To put the audit findings in context, it is important to note that our district has been among those hardest hit by the one-two punch leveled by the state in recent years. Public school districts have two primary sources of revenue: state aid and property taxes. Watervliet, like most other small city schools, has historically relied on state aid for the majority of its revenue. The state, however, has failed to provide equitable and sufficient funding for education for small urban school districts.
In fact, just days ago the state Supreme Court ruled in favor of a group called New Yorkers for Students Educational Rights (NYSER) and its right to proceed with litigation filed earlier this year against the state, Governor Andrew Cuomo and other government officials. The lawsuit seeks to compel the state to follow through on its constitutional responsibility ensuring all New York schools have sufficient funding to meet the educational needs of students.
Another major factor in our district’s fiscal struggles is the Gap Elimination Adjustment (GEA), which was implemented by the state five years ago to address its budget woes. Under the GEA, a portion of the state’s funding shortfall is divided among every school district in New York based on a formula, and state aid is then reduced to each district accordingly. As a result of the GEA, our district has lost approximately $4 million in promised aid and has faced significant budget gaps each year since the legislation was introduced. Add to that the state’s property tax levy cap imposed four years ago, which limits school districts’ abilities to raise local revenue to help offset state aid reductions.
As a result of these challenges, we had little choice but to spend down the fund balance to safeguard our academic programs and prevent significant increases in school property tax. Let’s not forget either that since taking office, Governor Cuomo has repeatedly urged school districts to use fund balance to offset losses in state aid. The irony is that now the state comptroller is taking us to task for doing just that. You might call it a textbook Catch 22 situation.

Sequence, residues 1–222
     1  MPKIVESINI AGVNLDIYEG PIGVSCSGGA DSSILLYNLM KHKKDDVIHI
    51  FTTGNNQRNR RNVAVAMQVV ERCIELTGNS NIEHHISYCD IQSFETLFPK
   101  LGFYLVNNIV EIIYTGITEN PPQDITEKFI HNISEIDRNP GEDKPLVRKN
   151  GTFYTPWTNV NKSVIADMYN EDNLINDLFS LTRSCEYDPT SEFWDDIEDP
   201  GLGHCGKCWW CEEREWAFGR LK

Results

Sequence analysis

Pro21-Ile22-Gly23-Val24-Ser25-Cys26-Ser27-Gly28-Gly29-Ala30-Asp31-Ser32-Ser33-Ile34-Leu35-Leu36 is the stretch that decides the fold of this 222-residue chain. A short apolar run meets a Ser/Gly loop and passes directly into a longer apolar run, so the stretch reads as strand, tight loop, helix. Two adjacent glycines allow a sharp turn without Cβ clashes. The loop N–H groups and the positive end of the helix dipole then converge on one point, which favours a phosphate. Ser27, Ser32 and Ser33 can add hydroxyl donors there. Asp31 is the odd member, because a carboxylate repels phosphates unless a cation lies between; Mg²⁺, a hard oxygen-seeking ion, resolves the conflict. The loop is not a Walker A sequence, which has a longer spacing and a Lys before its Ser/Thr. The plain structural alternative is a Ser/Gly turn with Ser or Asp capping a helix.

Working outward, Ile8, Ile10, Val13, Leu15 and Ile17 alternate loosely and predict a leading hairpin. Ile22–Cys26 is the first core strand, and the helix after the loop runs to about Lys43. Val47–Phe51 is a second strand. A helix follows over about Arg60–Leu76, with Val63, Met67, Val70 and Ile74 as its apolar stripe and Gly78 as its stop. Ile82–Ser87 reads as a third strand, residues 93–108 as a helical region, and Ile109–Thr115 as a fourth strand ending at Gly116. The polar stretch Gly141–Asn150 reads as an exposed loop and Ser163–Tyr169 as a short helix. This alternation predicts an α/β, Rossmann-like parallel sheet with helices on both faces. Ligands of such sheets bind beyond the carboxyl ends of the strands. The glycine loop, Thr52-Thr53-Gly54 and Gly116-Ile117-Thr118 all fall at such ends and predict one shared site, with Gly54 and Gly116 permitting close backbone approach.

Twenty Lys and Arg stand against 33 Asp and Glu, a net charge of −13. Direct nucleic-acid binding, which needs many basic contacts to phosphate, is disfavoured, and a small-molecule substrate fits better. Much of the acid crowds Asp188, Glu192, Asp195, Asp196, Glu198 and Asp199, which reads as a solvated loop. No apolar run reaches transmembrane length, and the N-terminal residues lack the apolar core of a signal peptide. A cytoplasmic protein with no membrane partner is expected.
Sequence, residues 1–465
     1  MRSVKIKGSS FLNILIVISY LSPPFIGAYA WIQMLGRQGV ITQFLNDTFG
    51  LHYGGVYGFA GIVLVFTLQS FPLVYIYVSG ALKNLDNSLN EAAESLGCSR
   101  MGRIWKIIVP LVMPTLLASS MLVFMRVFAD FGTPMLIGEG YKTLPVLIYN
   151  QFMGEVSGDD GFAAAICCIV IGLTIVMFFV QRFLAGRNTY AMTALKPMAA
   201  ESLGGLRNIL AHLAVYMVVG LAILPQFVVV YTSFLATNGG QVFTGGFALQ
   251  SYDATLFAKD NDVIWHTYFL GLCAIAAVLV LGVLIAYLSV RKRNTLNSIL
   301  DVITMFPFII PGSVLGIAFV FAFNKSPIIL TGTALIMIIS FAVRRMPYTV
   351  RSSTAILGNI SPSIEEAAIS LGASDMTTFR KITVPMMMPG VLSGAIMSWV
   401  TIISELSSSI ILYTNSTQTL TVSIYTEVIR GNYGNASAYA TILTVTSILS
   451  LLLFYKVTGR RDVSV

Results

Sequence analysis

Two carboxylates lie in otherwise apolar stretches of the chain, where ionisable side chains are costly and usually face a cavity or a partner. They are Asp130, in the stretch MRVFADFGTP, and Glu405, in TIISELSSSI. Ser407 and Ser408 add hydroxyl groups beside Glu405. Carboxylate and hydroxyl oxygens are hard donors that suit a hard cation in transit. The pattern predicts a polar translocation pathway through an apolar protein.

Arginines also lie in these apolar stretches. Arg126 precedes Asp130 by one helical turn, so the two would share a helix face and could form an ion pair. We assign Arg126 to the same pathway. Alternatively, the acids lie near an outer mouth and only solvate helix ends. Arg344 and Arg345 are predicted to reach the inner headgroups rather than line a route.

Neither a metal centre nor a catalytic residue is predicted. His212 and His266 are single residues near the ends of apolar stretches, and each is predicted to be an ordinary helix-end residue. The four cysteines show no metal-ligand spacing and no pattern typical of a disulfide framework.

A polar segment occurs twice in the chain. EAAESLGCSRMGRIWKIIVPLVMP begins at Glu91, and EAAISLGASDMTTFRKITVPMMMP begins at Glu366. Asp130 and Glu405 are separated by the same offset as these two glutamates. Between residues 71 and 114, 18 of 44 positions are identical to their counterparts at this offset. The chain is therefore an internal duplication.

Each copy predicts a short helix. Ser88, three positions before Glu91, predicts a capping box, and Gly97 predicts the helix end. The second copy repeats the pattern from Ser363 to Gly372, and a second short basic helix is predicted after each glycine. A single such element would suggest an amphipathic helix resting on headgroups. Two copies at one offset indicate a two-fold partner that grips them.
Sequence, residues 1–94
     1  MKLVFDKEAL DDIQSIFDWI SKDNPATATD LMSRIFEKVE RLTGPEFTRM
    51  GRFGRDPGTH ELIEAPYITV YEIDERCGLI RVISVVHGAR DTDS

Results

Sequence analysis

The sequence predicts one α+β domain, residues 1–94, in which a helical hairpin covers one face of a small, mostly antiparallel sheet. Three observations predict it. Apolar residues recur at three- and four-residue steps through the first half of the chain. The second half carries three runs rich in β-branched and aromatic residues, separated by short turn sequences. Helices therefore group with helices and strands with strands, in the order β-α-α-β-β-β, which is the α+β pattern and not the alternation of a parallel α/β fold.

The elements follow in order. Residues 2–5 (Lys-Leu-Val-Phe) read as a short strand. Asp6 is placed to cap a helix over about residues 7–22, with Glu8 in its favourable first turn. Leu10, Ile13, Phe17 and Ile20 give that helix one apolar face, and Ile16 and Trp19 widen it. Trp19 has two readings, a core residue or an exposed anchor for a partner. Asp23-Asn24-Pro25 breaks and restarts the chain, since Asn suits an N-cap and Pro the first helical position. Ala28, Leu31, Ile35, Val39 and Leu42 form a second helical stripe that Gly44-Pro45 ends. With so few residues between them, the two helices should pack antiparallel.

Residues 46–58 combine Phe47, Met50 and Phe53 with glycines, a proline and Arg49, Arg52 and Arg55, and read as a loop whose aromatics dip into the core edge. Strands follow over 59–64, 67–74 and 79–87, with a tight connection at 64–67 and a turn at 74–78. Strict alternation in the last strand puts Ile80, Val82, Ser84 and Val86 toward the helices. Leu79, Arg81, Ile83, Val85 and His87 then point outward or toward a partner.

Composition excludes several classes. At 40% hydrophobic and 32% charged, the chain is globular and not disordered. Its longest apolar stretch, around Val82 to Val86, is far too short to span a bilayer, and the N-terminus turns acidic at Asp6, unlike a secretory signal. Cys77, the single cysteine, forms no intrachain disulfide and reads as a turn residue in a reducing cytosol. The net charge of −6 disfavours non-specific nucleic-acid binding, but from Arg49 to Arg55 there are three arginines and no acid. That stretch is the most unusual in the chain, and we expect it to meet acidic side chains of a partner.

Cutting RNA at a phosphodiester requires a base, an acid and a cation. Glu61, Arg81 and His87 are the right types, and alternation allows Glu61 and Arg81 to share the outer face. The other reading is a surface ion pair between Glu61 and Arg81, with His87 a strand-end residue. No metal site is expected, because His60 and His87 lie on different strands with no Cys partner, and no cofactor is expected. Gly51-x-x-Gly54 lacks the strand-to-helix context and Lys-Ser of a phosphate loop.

As recommended in the audit, the Board, school business manager and I are currently developing a fund balance policy that we anticipate will be adopted prior to the end of this year and that will help us establish a sufficient threshold of fund balance to maintain and provide appropriate cash flow to reduce dependence on short-term borrowing.
The report also indicated that the district did not “properly monitor” capital project finances dating back to 2006, which allowed for cost overruns. It is important to note that this occurred in an earlier phase of the district’s construction project—not the most recently completed project (Phase IV).
The cost overrun referred to in the report is linked to an early phase of the building project during which asbestos that had not been detected initially was uncovered after building renovations were well underway. District officials at the time had no other choice but to pay for abatement because it presented a health and safety risk. This type of unforeseen situation does tend to occur in older buildings that are undergoing renovations and is typically a costly fix.
We subsequently established internal controls to better keep track of capital fund expenditures and ensure costs did not exceed authorized amounts.
The audit contained a total of six recommendations to the Board of Education for managing finances going forward. Some of the recommendations have already been implemented as noted in the district’s corrective action plan, which was developed in response to the auditor’s findings.
For example, the audit recommended that the Board of Education develop “structurally balanced budgets for the general fund that include realistic estimates for revenues and expenditures.”
Steps implemented in fiscal year 2014 have allowed the district to better align recurring costs and revenues and we have since been able to erase 80 percent of the district’s deficit. We will also continue to seek ways to cut costs, such as our shared service agreement with the city for trash removal and our summer school partnership with the Cohoes City School District that allowed us to provide academic support for at-risk students during the summer.